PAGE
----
Advisor

William Becker

Date of Award

1-1-2011

Document Type

Thesis

Degree Name

Master of Science in Teaching (M.S.T.) in General Science

Department

Science Teaching

Physical Description

1 online resource (vi, 105 p.) : ill. (chiefly col.)

Subjects

Brownfield restoration, Free-choice learning, Public participation, Urban environment, Group decision making -- Case studies, Social participation, Environmental protection -- Citizen participation, Action research

DOI

10.15760/etd.584

Abstract

Brownfield restoration and remediation is a growing concern across the United States. Brownfields are vacant or abandoned properties with real or perceived contamination. Successfully restoring these properties requires strong stakeholder collaboration, including the local community. The purpose of this study was to explore the complexities of creating a community garden on a residential brownfield site located in a low-income, high-minority neighborhood and to gain a better understanding of how a community based project develops and impacts individuals from the community. Specifically, the study investigated who chose to participate in the project, what motivated individuals to become involved and remain committed, and how individual's understanding of the project's risks and plans changed throughout his/her involvement. The case study followed 17 participants through the first year of the Emerson Street Garden, a brownfield restoration project in the King Neighborhood of northeast Portland, Oregon. Findings showed that individuals were attracted to different styles of outreach materials based on their own personality and preferences. The desire to improve the community was an important motivation for all the participants but personal motivation was not connected to knowledge retention. While the Emerson Working Group was successful at distributing knowledge to all its members, individual's flexibility to new ideas was critical for continued involvement in the working group. In conclusion, the study found that a "one-size-fits-all" method for engaging community members in urban restoration and renewal projects does not exist; however, there are best practices that can be applied to most situations. Implications for practice and further research are discussed.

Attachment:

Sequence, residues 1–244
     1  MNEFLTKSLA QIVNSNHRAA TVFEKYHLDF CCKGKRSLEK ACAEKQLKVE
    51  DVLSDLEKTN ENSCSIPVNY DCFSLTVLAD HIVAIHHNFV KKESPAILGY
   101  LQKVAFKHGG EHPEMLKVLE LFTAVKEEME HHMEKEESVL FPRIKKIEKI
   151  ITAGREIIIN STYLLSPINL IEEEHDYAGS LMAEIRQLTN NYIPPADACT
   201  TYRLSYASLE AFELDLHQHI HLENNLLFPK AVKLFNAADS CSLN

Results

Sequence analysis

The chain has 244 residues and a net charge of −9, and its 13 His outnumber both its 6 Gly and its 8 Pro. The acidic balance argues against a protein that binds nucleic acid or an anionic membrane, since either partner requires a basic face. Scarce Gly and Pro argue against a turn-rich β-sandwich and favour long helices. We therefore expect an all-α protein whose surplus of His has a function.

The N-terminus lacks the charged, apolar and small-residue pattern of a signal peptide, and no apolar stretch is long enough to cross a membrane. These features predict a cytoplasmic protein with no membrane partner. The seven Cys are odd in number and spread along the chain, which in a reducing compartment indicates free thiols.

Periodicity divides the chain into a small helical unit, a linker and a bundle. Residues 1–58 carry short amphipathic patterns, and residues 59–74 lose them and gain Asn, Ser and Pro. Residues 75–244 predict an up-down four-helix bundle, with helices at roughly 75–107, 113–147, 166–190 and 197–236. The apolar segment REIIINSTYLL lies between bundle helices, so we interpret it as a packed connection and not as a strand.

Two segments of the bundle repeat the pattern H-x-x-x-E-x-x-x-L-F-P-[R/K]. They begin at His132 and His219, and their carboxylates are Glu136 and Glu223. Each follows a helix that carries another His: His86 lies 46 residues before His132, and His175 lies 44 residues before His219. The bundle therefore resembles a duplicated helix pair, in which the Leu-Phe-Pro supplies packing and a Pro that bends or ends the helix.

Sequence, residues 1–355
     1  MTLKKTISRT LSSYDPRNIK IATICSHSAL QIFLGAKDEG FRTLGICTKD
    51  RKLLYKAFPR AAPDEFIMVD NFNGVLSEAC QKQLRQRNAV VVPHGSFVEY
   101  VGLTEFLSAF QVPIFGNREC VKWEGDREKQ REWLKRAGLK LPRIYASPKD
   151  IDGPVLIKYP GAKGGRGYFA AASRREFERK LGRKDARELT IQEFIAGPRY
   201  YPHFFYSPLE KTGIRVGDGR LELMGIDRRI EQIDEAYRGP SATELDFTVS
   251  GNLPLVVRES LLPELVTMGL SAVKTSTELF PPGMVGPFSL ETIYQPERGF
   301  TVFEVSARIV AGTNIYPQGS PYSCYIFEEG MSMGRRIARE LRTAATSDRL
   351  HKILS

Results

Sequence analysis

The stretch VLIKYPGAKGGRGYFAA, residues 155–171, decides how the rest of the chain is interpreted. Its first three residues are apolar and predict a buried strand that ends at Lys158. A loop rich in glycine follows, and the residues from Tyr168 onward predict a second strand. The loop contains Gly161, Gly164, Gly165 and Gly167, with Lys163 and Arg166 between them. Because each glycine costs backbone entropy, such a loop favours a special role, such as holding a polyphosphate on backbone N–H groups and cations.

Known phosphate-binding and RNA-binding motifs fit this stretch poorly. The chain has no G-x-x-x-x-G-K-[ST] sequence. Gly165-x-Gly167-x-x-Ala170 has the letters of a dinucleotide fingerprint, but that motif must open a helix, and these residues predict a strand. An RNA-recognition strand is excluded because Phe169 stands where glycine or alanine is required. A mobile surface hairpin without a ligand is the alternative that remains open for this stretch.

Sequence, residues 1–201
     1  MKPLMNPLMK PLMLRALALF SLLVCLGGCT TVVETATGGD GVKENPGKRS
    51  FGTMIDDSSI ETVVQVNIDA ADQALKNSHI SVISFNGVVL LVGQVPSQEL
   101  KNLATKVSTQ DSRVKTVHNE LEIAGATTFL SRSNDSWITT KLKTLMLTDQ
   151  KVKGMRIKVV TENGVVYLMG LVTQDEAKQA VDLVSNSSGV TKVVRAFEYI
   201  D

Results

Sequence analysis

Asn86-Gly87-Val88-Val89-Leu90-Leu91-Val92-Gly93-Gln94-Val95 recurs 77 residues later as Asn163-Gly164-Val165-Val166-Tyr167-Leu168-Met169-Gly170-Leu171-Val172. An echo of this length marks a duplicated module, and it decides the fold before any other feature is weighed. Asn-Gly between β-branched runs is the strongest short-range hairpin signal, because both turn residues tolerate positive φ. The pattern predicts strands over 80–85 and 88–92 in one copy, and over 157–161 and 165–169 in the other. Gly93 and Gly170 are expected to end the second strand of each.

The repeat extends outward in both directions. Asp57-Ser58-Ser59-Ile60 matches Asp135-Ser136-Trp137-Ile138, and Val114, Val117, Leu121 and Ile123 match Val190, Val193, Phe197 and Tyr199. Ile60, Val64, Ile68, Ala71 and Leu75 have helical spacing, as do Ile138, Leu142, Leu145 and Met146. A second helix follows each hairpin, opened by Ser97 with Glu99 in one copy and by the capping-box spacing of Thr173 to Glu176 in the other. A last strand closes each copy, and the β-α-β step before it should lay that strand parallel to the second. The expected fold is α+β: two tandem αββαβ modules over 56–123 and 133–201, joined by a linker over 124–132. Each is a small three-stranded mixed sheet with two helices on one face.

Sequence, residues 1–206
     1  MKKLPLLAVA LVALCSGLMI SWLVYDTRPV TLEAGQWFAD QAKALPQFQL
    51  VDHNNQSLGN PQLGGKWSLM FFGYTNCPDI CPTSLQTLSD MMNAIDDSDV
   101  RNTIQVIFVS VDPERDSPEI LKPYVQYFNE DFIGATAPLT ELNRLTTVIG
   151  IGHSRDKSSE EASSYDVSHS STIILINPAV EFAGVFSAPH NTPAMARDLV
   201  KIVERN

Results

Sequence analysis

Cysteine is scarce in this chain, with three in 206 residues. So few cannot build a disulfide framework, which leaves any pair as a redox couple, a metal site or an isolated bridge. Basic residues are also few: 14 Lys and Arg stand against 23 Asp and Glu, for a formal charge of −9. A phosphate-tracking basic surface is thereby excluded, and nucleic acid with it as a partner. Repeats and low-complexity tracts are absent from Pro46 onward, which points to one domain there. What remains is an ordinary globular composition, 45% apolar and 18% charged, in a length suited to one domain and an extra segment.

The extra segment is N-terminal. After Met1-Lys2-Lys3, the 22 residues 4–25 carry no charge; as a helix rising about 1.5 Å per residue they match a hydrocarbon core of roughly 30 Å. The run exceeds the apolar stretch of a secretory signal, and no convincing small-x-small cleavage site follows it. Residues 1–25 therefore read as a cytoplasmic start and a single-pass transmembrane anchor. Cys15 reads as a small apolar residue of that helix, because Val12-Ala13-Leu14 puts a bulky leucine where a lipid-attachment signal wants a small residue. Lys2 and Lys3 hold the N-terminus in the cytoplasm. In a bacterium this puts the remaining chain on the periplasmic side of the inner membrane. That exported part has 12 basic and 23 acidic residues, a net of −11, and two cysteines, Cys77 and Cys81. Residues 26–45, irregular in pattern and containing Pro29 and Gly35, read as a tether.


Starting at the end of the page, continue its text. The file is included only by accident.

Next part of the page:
Description

Portland State University. Center for Science Education

Persistent Identifier

http://archives.pdx.edu/ds/psu/8077

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